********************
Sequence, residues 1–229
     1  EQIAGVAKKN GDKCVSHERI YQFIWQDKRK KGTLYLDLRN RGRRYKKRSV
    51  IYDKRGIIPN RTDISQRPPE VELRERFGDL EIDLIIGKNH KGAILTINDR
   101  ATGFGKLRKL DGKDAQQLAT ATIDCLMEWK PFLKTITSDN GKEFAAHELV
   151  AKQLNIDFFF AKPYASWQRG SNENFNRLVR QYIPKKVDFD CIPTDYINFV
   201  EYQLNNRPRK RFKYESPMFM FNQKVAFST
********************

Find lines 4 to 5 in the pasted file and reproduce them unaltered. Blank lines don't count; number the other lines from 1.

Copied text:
   101  ATGFGKLRKL DGKDAQQLAT ATIDCLMEWK PFLKTITSDN GKEFAAHELV
   151  AKQLNIDFFF AKPYASWQRG SNENFNRLVR QYIPKKVDFD CIPTDYINFV